How to Write a Successful Cover Letter

Cover Letter

The cover letter can be the most difficult part of the pre-interview process. Resumes often only require minor tweaks for each application, but a successful cover letter needs to be hand-crafted for each employer.

Appealing to an individual, or small group of individuals you know very little about, is your chance to show your marketing acumen. It’s worth putting extra time and research into each letter. Remember that job applications are an exercise in marketing, so put on your digital marketer hat and strut your stuff.

First, some practical advice:

Never Use “To whom it may concern”

If you find yourself starting with “To whom it may concern,” stop. Do not write any further. Open your browser, look up the company website, find the name of an HR manager — or, better yet, call and ask who to address letters to. If you’re sending your application by email, and the email address format is “”, well, you know exactly who to name in your letter.

And, make sure to use the correct form of address. If the whole Mrs./Ms./Miss thing confuses you, a full name or title followed by last name will suffice. (Hint: Ms. gets you out of trouble in most situations. Never use Miss unless the recipient has indicated that they prefer it.)

What if you absolutely cannot find a name? I refer you back to the heading of this section. Never, ever use “To whom it may concern.” Substitutes I like are “Dear HR Manager/Team,” “Dear Recruiter,” or if you’re feeling bold and think it will go down well, something familiar like “Dear awesome/savvy marketers” or “Dear marketing gurus.” This type of language is powerful if the company oozes a tone that justifies it, but be careful.

Do Your Research

Treat the hiring manager like your target market. The product? You. Take the steps to identifying a target market that you’re so familiar with and apply them with the opposite intent. Instead of choosing who to target; you’re choosing which aspects of your product (you) to highlight based on data that you’ve already been given.

Don’t forget to do this for the company, as well as the hiring manager, as it can narrow your data points. Is the company a startup? You’re more likely to be interviewed by someone you’ll be working with directly. They are also likely to be either young or an industry veteran who desperately needed a change of pace. In which case, your cover letter should include evidence that you will adapt well to the company culture, in addition to your technical skills. If the company is larger or older, you’re more likely to be dealing with a career HR manager or a specialist recruiter. Their priorities are different. The volume of open positions and applications is likely to be greater, so your letter is more likely to get skimmed.

Show, Don’t Tell

It’s the writer’s first rule. And you’re writing.

Keywords are generally important. They prove that you have read and understood the details of the position and the company.

In my opinion, save them for your resume. If you’re relying on keywords in your cover letter, you’re not writing to win.

A resume is like a landing page. Designed to be skimmed, to appeal to a reader as quickly as possible and provide them with a next step to learn more. Online, that next step can be a product page, a web form, a more in depth explanation of services … In all circumstances, the next step requires more of the reader’s attention, and it all supports the end goal: a sale. To make the sale, you need to slow the reader down.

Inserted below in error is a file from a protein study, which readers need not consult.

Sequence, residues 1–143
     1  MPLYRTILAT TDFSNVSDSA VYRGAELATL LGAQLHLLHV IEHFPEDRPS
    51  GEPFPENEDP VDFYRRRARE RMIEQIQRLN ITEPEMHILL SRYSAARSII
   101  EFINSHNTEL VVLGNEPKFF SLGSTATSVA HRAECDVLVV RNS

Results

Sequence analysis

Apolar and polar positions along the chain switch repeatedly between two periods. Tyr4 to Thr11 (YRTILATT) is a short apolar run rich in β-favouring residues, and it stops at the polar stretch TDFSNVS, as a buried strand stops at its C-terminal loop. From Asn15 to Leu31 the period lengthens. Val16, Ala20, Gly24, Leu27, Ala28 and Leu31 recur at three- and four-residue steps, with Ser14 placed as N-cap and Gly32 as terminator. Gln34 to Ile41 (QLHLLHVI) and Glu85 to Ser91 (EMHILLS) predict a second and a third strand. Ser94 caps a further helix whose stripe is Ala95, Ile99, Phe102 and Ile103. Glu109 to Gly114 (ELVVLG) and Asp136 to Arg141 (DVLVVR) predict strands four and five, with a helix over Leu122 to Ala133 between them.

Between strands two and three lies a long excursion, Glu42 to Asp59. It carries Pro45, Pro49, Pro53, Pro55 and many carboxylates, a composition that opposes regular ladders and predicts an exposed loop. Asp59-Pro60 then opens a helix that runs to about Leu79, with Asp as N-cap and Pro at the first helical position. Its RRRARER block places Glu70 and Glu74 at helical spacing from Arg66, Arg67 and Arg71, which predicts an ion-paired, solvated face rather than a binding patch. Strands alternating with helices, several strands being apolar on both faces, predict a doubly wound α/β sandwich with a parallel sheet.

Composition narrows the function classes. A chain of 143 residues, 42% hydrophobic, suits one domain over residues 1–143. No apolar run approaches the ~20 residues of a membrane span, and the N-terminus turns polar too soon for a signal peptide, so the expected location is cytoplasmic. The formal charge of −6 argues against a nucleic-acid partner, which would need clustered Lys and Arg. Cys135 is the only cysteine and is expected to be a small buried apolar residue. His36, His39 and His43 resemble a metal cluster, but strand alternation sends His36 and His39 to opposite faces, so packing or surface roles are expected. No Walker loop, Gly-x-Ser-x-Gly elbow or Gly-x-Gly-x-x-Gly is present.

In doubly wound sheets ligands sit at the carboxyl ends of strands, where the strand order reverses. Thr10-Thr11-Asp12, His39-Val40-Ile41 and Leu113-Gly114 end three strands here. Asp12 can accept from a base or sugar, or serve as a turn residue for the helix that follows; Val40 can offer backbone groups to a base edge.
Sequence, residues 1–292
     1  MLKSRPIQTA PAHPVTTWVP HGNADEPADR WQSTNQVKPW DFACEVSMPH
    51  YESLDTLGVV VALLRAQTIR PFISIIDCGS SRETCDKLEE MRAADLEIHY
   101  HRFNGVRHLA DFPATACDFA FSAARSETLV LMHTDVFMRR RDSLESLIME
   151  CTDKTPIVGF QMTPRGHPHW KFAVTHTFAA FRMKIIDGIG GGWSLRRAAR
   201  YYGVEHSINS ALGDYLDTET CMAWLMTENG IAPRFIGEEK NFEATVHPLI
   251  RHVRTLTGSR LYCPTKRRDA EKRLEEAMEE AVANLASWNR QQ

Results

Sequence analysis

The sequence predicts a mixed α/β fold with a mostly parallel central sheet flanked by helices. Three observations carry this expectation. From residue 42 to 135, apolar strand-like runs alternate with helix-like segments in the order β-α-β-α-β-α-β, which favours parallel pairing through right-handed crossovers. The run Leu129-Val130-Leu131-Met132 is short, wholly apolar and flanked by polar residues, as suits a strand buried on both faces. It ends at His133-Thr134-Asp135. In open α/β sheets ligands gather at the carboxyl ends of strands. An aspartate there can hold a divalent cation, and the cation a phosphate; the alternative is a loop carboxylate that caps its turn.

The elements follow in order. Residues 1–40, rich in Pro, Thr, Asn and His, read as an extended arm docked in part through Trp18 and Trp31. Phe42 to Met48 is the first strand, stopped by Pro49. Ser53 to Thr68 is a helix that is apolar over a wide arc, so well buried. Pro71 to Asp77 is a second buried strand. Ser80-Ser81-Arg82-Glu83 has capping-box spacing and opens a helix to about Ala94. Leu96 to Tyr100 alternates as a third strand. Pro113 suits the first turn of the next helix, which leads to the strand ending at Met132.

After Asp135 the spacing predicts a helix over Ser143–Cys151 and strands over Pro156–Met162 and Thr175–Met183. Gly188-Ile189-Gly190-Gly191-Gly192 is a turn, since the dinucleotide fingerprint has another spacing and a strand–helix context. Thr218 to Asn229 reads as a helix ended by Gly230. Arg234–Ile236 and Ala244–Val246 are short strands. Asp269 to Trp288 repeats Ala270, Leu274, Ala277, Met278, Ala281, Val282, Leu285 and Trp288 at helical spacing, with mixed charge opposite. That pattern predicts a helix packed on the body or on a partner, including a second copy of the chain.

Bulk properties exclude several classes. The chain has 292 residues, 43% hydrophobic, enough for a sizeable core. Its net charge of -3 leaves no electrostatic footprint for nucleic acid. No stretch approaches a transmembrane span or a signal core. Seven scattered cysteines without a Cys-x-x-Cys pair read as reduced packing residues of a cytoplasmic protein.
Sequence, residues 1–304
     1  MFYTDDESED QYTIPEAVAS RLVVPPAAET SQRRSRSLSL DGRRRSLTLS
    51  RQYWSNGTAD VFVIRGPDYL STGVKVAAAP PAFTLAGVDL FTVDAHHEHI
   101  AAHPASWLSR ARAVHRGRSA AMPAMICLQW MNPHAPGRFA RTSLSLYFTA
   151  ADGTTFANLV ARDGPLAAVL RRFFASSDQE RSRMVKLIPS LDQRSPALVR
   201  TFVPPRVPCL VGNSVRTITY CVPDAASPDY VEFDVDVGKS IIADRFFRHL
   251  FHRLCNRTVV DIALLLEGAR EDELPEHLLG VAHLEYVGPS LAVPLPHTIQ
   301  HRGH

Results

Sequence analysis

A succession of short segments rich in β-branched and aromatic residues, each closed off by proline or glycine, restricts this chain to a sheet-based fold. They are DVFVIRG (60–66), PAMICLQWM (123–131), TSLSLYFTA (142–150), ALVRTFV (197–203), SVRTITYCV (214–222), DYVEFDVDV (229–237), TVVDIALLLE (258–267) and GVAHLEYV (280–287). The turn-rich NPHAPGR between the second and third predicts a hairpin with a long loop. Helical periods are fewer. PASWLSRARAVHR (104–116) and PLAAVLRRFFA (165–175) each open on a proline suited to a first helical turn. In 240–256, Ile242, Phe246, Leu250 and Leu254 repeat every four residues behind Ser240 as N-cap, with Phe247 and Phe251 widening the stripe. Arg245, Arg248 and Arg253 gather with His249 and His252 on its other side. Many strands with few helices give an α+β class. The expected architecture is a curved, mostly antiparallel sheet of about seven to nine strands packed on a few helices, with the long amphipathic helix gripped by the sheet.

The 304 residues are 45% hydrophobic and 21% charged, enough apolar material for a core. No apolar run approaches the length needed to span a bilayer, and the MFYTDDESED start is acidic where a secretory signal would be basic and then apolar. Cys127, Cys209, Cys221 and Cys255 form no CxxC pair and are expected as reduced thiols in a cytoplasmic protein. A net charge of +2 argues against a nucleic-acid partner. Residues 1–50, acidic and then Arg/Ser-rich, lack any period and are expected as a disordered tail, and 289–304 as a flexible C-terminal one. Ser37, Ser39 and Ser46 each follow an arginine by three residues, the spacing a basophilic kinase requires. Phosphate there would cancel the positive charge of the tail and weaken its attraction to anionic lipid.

If you’re writing your cover letter to be skimmed, you’re not engaging the reader in your end goal: hiring you. You need to make them stop skimming. A cover letter needs to be authentic, personal, and it needs to tell a story.

Take everything you know about writing content that’s easy to read and apply it to your cover letter. Now throw all that boring crap you know about writing a cover letter out of the window, and tell bold personal stories that exemplify the qualities that employer is seeking. You don’t need to tell someone you’re organized if you expand on a story about the challenges you faced working at a library.

Just remember to strike a balance with professional language. If you go too avant garde, the risk may not pan out.

Nip Concerns in the Bud

If your resume has anything concerning on it, your cover letter is the perfect opportunity to spin a positive. The most common flag that hiring managers see is a gap in your work history.

Take the opportunity to tell one of those personal stories. Use your cover letter to address the employment gap and do your very best to draw a marketable skill out of it. Don’t use apologetic or timid language. You took a gap in your employment to do something awesome and here’s why it turned you into a tank of an entrepreneur.

With the right approach, a punchy intro and an engaging story, you can make sure your cover letter is the only one that doesn’t get skimmed. It’s your chance to show the company who you are. So don’t you dare write like you’re going to be ignored. Write a letter they can’t ignore, be memorable. Take the risk, that’s what marketing is all about.

About post author

Devin is a freelance writer from Daly City, CA. He writes about small business marketing and SEO. On his downtime, he enjoys experimenting with car modifications and collecting vinyl records. He also enjoys researching and writing about auto history. If you want to contact Devin, message him at his (rarely used!) Twitter account: @DevMorrissey
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